Will the Geithner Plan Produce True Market Prices?

By Reuters Staff
March 25, 2009

The transcript of the media conference call with Sheila Bair on the subject of the bank bailout is online, and is well worth reading; many thanks to Justin Fox for the pointer. This exchange between Bair and BusinessWeek’s Jane Sasseen jumped out at me:

MS. SASSEEN: So, in other words, are you saying that the prices that will result in this will be much more realistic prices than would result right now, you know, to the extent that there aren’t any buyers?

CHAIRMAN BAIR: Exactly. Exactly right. They will still be, they will be market prices. We’re just trying to tease out the liquidity premium. What’s weighing on market prices right now is that people can’t get financing to buy assets, they can’t get financing to buy assets not many people want to buy, you don’t want to buy. And then you have to hold on to them forever because there’s nobody to sell them to. So, that’s — by providing that liquidity that’s lacking now, we’re hoping to get the prices up to what would really be a true market level.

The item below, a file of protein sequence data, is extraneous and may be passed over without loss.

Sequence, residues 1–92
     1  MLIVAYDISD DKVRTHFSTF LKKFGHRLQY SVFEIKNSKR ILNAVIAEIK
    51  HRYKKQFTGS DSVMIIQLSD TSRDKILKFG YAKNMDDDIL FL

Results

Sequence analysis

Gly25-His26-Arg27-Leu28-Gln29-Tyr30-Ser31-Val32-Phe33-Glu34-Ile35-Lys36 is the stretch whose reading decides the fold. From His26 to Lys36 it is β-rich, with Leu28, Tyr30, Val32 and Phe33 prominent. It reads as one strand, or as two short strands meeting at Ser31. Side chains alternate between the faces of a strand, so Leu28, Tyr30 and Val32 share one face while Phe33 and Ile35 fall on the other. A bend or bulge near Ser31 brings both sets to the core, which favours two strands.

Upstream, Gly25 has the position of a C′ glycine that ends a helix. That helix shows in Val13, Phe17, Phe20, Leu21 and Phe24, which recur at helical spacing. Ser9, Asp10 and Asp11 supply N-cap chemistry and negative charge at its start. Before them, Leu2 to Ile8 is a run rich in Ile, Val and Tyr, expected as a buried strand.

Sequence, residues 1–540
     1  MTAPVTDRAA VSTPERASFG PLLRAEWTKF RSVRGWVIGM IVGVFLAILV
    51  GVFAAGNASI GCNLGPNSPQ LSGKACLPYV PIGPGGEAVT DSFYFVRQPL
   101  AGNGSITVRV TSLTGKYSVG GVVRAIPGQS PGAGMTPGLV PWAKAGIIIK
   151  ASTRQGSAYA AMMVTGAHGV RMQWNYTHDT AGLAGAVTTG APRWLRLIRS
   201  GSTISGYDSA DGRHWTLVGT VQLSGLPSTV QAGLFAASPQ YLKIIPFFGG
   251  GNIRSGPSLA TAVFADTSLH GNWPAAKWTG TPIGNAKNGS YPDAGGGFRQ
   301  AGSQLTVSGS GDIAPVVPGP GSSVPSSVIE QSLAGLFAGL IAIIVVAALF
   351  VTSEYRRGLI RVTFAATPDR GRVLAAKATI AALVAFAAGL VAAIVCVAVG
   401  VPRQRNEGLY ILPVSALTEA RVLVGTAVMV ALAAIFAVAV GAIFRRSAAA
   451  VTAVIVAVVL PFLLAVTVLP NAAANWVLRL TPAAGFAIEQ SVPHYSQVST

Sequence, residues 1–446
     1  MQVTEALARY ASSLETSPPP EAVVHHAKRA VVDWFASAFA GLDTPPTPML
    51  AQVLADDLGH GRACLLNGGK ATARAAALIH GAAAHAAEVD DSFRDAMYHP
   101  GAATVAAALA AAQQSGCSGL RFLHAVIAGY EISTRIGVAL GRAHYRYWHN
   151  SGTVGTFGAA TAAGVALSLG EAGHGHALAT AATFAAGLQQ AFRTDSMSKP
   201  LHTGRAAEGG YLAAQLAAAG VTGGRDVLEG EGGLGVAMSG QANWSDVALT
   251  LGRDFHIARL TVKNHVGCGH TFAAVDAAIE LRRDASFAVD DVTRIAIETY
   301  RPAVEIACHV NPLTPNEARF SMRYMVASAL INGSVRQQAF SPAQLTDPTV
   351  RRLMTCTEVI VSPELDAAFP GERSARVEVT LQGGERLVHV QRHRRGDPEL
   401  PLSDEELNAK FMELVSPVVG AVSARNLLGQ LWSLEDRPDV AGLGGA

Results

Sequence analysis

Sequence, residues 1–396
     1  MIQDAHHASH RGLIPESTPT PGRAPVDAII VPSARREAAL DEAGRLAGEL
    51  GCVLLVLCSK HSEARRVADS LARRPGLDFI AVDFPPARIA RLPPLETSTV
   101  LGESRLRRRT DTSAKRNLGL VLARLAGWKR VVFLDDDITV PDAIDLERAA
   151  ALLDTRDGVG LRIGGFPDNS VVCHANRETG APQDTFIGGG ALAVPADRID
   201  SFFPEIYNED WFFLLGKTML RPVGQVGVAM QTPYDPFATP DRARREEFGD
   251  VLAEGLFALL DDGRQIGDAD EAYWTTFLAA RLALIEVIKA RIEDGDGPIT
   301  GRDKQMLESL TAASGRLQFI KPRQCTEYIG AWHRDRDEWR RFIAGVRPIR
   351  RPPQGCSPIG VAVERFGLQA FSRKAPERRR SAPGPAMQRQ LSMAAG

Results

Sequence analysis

This is certainly, then, the government’s position: the public-private partnerships won’t be able to pay a premium on the grounds that the FDIC is taking all their tail risk; on the contrary, the toxic assets are simply trading on an illiquidity discount right now, thanks to the lack of available financing. Since the FDIC is stepping in to provide the financing, the prices which come out of this scheme will be reliable market prices.

This I think misses a crucial point: the whole reason why the banks are in such trouble right now is that they provided an enormous amount of low-cost tail-risk financing to the buy-side, in the form of super-senior debt, leveraged loans, and the like. Most of us, looking back on the excesses of the 2005-6 era, reckon that the market price of loans which can be leveraged very cheaply is not a "true market level" at all, but rather something fake and bubblicious.

The fact is that no one with purely commercial motives would ever extend financing against these toxic assets on anything like the terms which the FDIC is making available. So I’m not at all convinced by Bair’s protestations that this scheme is going to be a great means of price discovery.

The government clearly thinks that it needs to inject capital into the banks, in order to prevent a systemic meltdown. That’s fine, but I’d be much happier if it did so transparently, rather than trying to pretend that all of its operations were taking place at true market prices.

Reprinted from Portfolio.com

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